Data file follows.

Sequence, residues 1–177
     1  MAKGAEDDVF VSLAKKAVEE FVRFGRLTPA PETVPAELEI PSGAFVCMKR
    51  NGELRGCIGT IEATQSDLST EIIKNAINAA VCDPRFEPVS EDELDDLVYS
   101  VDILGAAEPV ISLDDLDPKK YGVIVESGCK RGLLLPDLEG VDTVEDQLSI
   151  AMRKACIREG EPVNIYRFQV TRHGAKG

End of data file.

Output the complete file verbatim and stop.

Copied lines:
Sequence, residues 1–177
     1  MAKGAEDDVF VSLAKKAVEE FVRFGRLTPA PETVPAELEI PSGAFVCMKR
    51  NGELRGCIGT IEATQSDLST EIIKNAINAA VCDPRFEPVS EDELDDLVYS
   101  VDILGAAEPV ISLDDLDPKK YGVIVESGCK RGLLLPDLEG VDTVEDQLSI
   151  AMRKACIREG EPVNIYRFQV TRHGAKG